The causes vary from technical reasons, where the systems may not be able to reach out to all areas in the country; implementation at the local level; lack of awareness for the need of legal documentation, or simply because people do not see the importance or the need for such papers.

There are also instances where culture plays a role, such as a father who registers only the boys, while girls are left out of the system. The next generation of those under the non-registration category also became stateless as a result, compounding the problem.

There are two international legal instruments dealing with statelessness which include the 1954 and 1962 Conventions. However the problem with these instruments is that only a small number of States have ratified them, 57 and 30 respectively. What this illustrates is the need to give the issue the political priority it deserves and collaboration with government is needed to address the issue of statelessness.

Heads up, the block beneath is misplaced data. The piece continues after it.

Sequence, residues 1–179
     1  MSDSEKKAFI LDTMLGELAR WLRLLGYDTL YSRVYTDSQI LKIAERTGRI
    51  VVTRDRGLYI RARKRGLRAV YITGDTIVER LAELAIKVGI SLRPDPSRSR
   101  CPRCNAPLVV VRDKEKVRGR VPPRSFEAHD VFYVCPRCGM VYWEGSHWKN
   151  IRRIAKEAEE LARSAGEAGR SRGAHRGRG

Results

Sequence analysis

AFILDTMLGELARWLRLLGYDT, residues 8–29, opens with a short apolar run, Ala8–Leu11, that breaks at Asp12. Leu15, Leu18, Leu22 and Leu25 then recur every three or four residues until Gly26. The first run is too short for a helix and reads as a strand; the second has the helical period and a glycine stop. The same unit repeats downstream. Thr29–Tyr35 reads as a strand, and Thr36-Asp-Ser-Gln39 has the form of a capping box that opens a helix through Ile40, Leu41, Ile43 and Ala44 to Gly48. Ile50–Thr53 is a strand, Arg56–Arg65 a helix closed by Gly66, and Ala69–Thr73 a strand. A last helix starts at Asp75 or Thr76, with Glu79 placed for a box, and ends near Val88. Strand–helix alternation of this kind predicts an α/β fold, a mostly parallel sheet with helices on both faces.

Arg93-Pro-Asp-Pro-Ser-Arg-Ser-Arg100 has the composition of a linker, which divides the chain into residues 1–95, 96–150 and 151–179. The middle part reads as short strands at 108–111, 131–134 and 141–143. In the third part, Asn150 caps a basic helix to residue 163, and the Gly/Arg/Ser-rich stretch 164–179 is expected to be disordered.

To address the issue an integrated approach of simplified registration process, in particular those involving late registration, coupled with awareness raising campaigns for both the public and government officers dealing with registration process are crucial.


Thursday, July 27, 2006

First things First

Ive been away from this for a while, too many things happening/happened. Anyway, following on one of the last posts, it might be appropriate to mention I was away in Germany for 2 weeks (followed by almost a week in Holland and a couple of days in Brussels). This would in one shot explain 1) why I had disappeared for a little while, but 2) most do not assume I failed the test hehehe. so yes I did get on that course I was doing online....and the best part was...all expenses paid! and ohhh in case anyone didnt notice....the World Cup was in Germany!! and yes I was there right during the games!
lots of fun to follow....maybe....
we shall see
but for now welcome back me :)